Designing an Operationally Efficient Hospital

Numerous organizations around the globe are considering building or expanding hospital facilities. Unfortunately, as a first step, they often hire an architectural firm to being drawing, and in the end, the product often reflects a previously designed facility that may not meet the specific needs of the organization. In order to develop an operationally efficient hospital appropriate for the local needs, form must follow function. With healthcare technology and models of care changing so rapidly, the facility organization and functional relationships must also change. Therefore, planning an operationally efficient hospital start with careful attention to operational systems and the associated facility requirements to support projected workload volumes.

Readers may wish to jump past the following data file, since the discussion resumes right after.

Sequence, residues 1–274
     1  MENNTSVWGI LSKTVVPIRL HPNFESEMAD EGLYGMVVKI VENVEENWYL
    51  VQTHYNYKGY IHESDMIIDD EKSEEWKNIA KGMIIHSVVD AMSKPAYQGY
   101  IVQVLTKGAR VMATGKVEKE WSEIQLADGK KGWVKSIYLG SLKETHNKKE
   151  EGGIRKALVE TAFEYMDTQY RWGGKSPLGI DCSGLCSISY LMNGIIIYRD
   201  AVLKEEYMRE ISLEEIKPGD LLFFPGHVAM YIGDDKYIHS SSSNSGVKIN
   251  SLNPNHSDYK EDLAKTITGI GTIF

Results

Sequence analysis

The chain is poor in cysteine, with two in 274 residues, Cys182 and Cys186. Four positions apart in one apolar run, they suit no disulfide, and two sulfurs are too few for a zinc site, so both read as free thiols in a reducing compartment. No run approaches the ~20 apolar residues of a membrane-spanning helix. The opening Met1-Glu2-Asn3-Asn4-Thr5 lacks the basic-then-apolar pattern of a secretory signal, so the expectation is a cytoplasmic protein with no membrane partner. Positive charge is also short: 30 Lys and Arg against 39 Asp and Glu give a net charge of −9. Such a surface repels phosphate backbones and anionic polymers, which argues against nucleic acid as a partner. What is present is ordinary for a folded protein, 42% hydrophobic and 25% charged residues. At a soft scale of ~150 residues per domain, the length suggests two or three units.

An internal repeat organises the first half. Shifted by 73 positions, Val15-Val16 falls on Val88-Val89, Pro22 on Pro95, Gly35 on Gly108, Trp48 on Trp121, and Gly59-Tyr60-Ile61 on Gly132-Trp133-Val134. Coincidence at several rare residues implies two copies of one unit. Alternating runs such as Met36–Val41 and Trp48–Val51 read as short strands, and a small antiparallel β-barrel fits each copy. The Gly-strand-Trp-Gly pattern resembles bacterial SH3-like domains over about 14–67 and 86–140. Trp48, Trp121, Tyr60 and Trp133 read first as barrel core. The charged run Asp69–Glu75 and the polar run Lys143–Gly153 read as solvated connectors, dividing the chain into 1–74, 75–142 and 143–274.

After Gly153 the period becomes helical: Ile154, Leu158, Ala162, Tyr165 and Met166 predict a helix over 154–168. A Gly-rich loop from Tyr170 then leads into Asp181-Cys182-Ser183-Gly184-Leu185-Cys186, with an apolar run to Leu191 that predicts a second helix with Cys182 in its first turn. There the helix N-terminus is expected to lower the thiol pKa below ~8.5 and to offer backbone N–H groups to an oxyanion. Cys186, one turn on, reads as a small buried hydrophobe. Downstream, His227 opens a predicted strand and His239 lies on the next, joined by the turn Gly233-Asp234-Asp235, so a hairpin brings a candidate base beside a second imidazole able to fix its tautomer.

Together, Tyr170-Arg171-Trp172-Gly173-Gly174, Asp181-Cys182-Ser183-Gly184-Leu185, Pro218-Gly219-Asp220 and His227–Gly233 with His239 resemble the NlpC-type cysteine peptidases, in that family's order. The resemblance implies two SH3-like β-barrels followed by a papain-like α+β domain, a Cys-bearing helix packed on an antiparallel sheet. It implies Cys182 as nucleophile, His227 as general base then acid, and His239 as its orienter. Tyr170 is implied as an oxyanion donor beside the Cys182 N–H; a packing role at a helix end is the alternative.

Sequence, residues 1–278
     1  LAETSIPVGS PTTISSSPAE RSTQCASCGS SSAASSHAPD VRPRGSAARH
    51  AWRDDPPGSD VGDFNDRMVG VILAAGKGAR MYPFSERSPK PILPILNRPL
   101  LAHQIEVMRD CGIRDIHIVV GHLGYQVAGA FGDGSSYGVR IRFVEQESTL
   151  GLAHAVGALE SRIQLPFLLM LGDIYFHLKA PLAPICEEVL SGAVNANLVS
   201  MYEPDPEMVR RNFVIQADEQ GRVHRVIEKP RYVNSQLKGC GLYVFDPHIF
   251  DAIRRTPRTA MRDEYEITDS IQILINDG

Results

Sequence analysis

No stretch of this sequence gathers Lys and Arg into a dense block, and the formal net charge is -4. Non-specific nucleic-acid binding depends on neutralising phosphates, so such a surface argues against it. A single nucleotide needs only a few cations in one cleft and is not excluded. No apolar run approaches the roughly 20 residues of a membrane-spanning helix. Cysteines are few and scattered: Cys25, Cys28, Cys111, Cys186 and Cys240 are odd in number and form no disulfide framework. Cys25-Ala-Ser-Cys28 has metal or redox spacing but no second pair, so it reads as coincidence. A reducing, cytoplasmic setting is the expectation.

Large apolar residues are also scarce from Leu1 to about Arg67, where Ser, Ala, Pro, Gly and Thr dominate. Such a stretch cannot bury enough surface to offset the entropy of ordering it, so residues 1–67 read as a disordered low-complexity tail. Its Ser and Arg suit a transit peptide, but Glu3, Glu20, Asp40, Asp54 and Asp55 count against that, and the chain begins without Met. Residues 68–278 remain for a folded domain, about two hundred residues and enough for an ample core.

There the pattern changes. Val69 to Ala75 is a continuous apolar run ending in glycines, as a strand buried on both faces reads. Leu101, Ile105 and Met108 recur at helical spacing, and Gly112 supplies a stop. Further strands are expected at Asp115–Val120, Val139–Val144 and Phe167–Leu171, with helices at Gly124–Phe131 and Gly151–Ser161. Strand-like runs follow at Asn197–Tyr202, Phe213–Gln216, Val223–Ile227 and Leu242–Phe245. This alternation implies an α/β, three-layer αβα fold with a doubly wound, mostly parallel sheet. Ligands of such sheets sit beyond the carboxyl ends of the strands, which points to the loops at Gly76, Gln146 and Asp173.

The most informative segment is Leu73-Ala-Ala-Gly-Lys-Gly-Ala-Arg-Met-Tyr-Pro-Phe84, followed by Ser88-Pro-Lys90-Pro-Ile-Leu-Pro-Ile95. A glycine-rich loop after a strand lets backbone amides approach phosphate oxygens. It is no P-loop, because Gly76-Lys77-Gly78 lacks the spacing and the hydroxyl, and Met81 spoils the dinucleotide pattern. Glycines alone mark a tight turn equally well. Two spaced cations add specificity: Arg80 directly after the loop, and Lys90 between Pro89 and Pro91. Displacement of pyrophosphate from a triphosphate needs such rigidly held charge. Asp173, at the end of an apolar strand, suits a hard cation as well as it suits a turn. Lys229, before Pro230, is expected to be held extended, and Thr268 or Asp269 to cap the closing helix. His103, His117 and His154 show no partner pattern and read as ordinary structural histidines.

The proposed approach to designing an operationally efficient hospital consists of a series of specific, organized activities, detailed in the following text, each of which leads logically to the next step. Using this organized, structured process will ensure that the hospital is designed to reflect the demand for services and the most efficient and applicable operational systems.

  1. Identification of Hospital Vision

In this initial step, the planning team should define the vision, goals, preliminary scope of services, and the organizational structure for the proposed hospital. Ideally, a healthcare operator should guide the planning team in thinking creatively about the key service lines and the optimal configuration of departments to facilitate efficient operations and patient-centered delivery of care. This regrouping and reconfiguration of services will serve as the foundation for subsequent planning activities.